Drawing from a study of courtship media and ethnographic work at purity retreats and home-school conventions across the Midwest, this is the first inquiry into modern Christian courtship, an alternative to dating that asks young people to avoid both romance and sex until they are ready to be married. Bridging sociological and historical studies of American Christianity with youth and girlhood studies literatures, Elizabeth Shively finds that the courtship system is designed to shore up the patriarchal nuclear family structure at the center of conservative Christianity and ensure predictability in the face of emerging adulthood: single young women work to embody ideals of "luminous femininity" and model themselves after archetypes such as the "Proverbs 31 woman," the "stay-at-home-daughter," and the "mission-minded girl," and courting couples strive to "guard their hearts" against premature emotional intimacy. Nonetheless, participants report that courtship, like other relationships, inevitably carries an element of risk, and it ultimately fails to offer a substantial challenge to the to the sexist realities of youth dating culture.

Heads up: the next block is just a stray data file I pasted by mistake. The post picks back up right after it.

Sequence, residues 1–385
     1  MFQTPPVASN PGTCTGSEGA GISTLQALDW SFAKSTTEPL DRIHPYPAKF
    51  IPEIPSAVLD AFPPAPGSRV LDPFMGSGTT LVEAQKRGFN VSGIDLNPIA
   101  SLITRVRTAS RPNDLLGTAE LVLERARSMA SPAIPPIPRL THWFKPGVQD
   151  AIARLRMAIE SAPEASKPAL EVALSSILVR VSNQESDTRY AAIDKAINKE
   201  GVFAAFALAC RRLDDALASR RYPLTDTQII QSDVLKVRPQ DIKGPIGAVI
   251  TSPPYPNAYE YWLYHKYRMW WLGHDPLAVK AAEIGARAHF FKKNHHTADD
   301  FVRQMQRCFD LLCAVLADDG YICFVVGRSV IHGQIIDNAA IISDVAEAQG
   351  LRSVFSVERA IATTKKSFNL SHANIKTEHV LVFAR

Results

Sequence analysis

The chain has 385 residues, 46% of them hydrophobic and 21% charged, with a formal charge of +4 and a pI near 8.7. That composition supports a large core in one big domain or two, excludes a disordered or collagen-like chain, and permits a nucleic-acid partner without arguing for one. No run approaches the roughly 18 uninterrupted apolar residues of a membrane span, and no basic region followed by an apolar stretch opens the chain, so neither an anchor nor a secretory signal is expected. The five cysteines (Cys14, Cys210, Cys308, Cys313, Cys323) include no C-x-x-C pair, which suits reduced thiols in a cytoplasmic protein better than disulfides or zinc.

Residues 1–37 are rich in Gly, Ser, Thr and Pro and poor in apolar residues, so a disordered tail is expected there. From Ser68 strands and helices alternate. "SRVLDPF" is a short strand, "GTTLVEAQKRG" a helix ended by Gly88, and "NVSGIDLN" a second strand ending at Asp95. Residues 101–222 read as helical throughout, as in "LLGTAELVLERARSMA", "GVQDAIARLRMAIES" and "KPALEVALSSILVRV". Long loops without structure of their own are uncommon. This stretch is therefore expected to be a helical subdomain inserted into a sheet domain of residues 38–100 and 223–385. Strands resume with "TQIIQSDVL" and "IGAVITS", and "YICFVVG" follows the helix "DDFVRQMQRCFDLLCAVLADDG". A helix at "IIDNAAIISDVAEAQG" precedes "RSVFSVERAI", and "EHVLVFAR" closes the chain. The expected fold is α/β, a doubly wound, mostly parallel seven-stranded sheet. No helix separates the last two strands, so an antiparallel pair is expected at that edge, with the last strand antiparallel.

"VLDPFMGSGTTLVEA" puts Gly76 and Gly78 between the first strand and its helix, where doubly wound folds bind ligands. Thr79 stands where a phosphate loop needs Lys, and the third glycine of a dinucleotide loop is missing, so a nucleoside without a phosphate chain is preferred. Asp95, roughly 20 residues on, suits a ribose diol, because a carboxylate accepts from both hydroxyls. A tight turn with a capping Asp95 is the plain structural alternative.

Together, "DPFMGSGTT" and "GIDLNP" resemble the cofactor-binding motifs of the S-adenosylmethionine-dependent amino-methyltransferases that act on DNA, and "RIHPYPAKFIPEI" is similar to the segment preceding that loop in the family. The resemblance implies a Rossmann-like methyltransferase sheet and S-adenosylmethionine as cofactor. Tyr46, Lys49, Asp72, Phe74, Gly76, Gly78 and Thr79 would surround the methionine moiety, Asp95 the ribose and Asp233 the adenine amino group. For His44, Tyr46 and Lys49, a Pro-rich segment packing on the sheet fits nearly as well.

Elizabeth L. Shively is a lecturer in the Sociology Department at Sam Houston State University, USA.
Chapter One: Introduction
Chapter Two: Kissing Dating Goodbye
Chapter Three: Luminous Femininity
Chapter Four: All the Days of Her Life
Chapter Five: Guard Your Heart
Chapter Six: First Comes Marriage
Chapter Seven: Epilogue